You're sitting in front of your PC using a photo editing package, or designing a web page, and you want to create a coloured object. Maybe a border or outline, or a block of colour somewhere. Or a shape to use for emphasis in your picture. Or maybe just a solid background for the entire picture. You know what colour you want to use - it's the one over there, on some other part of the screen that isn't actually anything to do with the window that contains the image editor.
So here's the problem. How do you find out the colour code of that distant part of the screen in order to use it within your picture editor?
The answer is a neat little freebie called Instant Eyedropper. You can download it from http://instant-eyedropper.com/ and it's only a 0.5 MB download. It runs on Windows XP and above, and is clean according to VirusTotal and Web Of Trust.
Once you've installed it you'll find a little eyedropper icon in your system tray. To find out the details of a colour, click the eyedropper icon in the system tray and keep the left mouse button held down. Now move the mouse around the screen and, as you do so, you'll see the code of the colour under the cursor. In the example screen shot below, the particular pixel from the OneNote icon is #372569. With your pixel selected, release the mouse button and you're done. The colour code is now copied to the clipboard, ready for you to paste into the colour selection box in your picture or web editing package.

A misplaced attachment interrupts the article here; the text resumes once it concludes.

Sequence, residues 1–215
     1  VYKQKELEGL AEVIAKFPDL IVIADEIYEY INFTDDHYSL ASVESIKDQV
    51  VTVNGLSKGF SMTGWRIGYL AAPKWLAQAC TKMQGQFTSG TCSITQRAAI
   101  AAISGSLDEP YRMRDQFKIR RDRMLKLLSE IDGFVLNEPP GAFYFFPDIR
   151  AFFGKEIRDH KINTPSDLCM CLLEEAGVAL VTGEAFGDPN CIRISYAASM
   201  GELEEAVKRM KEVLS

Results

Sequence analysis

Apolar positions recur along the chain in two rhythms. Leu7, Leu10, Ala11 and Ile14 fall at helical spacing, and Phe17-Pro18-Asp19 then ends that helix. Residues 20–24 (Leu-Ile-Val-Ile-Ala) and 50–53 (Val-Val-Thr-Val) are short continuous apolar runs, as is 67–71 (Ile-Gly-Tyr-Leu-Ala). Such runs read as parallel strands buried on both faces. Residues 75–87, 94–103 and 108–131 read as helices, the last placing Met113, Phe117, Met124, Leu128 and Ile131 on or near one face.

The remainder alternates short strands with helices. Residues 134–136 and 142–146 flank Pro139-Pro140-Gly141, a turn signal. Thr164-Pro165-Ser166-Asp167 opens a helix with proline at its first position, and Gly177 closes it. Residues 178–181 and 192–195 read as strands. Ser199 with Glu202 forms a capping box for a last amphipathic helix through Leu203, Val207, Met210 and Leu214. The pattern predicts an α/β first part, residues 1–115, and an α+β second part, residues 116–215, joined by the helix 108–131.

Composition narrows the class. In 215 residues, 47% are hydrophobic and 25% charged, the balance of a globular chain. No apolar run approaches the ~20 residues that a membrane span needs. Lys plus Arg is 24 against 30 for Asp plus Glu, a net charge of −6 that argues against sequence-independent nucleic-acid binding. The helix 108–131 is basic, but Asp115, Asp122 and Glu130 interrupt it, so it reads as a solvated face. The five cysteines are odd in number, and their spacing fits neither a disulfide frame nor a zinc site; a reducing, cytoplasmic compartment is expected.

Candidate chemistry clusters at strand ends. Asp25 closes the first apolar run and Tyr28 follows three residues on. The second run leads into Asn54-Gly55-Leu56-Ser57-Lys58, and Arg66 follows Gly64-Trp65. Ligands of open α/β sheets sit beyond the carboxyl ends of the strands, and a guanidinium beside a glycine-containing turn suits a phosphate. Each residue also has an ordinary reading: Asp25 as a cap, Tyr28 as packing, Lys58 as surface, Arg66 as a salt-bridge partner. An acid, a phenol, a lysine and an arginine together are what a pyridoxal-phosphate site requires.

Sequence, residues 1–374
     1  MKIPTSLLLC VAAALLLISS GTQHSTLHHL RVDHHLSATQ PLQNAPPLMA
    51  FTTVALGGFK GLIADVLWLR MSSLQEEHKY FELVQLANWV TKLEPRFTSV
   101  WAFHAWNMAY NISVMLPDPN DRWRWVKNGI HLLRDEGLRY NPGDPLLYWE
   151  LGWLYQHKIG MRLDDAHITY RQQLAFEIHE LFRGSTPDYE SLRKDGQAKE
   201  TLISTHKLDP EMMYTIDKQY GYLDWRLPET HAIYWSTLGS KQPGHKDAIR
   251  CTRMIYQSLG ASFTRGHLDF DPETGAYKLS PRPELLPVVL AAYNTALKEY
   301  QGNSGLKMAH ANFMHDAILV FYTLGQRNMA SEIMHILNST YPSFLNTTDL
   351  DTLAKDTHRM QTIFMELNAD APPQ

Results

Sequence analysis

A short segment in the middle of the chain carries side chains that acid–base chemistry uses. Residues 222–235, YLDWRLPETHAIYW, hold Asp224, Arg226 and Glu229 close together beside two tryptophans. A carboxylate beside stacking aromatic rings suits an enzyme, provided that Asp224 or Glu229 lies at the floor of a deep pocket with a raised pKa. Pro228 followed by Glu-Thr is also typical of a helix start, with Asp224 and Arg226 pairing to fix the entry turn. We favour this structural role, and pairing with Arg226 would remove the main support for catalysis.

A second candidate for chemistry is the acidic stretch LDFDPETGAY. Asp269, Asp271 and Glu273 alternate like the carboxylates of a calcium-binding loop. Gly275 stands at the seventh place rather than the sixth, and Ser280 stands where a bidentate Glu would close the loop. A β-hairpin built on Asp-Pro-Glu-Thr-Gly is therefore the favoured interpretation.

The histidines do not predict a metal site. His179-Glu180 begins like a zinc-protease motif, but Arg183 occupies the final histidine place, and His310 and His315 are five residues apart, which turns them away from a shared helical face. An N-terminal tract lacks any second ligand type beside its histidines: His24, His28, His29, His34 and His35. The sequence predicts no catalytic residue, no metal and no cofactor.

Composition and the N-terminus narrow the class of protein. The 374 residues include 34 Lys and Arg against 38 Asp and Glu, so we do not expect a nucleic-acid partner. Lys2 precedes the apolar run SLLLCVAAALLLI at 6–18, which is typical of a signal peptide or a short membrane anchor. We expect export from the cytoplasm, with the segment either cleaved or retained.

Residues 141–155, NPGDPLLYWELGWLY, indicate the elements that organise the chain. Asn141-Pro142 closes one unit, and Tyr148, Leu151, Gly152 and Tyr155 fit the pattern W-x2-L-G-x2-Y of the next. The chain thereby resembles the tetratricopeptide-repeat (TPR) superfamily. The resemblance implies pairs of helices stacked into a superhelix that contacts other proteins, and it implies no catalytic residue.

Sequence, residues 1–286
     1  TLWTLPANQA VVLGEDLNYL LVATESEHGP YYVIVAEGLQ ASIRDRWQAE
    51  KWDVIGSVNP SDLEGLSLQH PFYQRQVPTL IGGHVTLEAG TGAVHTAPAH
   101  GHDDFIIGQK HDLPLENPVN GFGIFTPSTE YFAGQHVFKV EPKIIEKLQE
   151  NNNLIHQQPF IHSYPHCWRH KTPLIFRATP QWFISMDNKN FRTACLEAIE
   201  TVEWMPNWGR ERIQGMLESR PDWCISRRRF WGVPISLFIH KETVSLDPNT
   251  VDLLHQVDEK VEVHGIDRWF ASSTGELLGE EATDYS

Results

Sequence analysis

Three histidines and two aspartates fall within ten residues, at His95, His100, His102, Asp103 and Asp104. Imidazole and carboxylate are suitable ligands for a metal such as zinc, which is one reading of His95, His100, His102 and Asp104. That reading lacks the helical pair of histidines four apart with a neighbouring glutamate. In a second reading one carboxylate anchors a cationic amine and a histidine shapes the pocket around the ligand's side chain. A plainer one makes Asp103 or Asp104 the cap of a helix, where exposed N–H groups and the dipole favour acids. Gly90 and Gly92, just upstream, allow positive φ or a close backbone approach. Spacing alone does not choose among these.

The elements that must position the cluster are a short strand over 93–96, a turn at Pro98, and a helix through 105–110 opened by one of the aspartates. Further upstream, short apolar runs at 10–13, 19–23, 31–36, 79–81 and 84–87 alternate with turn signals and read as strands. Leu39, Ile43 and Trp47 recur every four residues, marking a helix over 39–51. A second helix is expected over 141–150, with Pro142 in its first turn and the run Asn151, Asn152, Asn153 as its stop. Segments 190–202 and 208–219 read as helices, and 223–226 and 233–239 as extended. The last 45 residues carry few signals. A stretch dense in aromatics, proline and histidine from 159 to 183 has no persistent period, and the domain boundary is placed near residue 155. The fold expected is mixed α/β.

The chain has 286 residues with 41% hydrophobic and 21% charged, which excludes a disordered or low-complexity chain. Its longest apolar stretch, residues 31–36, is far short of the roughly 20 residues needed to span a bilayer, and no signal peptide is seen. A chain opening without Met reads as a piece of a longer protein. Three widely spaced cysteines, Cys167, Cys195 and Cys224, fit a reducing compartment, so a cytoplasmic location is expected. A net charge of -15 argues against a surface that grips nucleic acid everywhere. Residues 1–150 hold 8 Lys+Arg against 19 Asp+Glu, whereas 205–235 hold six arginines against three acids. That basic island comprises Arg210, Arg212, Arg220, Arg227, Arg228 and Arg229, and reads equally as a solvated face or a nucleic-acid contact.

If you're involved in any graphics-intensive work, such a utility is a very handy addition to your toolbox.